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BenQ W1350 Review



  • Bright, colourful pictures
  • Attractive design
  • 3D glasses included


  • Runs rather noisily
  • Black level response not the best
  • Some rainbow effect

Key Specifications

  • Review Price: £799.00
  • Single-chip DLP projector
  • Full HD native resolution
  • 3D Playback with one pair of 3D glasses included
  • Wireless HD Kit connection option available
  • 2500 ANSI Lumens claimed brightness
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What is the BenQ W1350?

BenQ’s latest home entertainment projector is a full HD, 3D DLP model available for as little as £790 online. Feature highlights unusually flexible set up tools and an optional wireless HD connection system.

BenQ W1350 – Design and Features

The W1350 sits on a footprint substantially smaller than the projector’s top surface, resulting in sides that angle out as they travel from bottom to top. The resulting attractive trapezoidal shape is given extra appeal by the W1350’s combination of a silver colour for the front and sides and a glossy white for the top cover.

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This top cover includes a recessed area containing zoom and focus rings, as well as a vertical shift wheel that lets you move the image up or down. This is a welcome discovery on such an affordable projector. The W1350 is also unusual for its price point in supporting horizontal keystone correction, whereby you can correct the shape of your image to account for circumstances where you might have to position the projector off to the side of your screen. Note, though, that unlike the vertical image shifting this horizontal adjustment is achieved via a digital distortion of the picture.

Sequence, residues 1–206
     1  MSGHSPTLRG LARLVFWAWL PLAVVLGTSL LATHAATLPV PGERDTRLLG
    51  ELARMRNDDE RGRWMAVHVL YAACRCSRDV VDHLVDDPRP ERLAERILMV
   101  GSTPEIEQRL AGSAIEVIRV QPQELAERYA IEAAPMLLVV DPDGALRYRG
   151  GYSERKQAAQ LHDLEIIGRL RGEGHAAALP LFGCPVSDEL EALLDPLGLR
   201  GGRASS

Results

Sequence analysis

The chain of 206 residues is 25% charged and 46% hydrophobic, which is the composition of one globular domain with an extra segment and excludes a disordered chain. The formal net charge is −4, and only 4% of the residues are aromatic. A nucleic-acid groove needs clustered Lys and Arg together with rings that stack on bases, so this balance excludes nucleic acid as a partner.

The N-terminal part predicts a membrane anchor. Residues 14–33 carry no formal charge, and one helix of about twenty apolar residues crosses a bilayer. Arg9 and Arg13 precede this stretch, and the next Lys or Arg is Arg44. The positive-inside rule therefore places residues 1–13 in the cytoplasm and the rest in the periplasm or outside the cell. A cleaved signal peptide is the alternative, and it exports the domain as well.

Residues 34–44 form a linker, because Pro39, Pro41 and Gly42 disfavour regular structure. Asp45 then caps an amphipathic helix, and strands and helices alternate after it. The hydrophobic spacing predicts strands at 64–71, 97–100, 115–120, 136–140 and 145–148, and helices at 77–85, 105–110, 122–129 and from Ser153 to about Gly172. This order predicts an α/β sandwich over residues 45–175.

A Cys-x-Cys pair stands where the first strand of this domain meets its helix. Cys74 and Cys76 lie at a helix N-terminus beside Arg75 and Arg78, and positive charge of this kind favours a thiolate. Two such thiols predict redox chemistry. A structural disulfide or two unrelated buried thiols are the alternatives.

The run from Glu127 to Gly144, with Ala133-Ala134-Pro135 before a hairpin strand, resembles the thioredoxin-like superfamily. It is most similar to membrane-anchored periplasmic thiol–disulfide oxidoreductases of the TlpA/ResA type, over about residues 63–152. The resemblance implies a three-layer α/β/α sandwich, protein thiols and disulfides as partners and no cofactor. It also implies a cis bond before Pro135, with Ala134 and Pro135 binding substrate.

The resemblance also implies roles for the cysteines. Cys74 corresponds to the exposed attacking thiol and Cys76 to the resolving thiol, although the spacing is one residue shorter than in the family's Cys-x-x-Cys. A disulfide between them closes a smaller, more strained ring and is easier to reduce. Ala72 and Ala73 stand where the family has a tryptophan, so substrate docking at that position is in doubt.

Connections on the projector’s rear side comprise: two HDMIs (with MHL support for easy mobile phone mirroring); a VGA PC port, a component video input; Type A and Type B USB inputs; a composite video input; a 12V trigger port for, say, firing up a motorised screen; an RS-232 port; and a stereo audio input.

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Having audio inputs on a projector may seem a dumb idea given that any sound a projector makes will inevitably be substantially dislocated from the pictures being cast onto a distant screen. However, built-in speakers are now an almost universal feature on cheap, relatively ’casual’ projectors such as the W1350, in recognition of the fact that their users will often only be setting them up as and when they need them, in circumstances where finding an external audio solution may not always be easy.

The speakers in the W1350 do at least have the potential to sound a cut above the paper-thin efforts of most projectors, though, thanks to their 10W output and so-called ‘resonant chamber’ technology, designed to boost bass reproduction.

BenQ W1350

One final aspect of the W1350’s connectivity is the optional Wireless Full HD Kit. At £280 this represents a significant extra cost in the context of the projector’s lowly price, but the system works very well, delivering pixel-perfect full HD images – even 3D ones – wirelessly from source to projector using a compact and simple-to-set-up transmitter/receiver combination.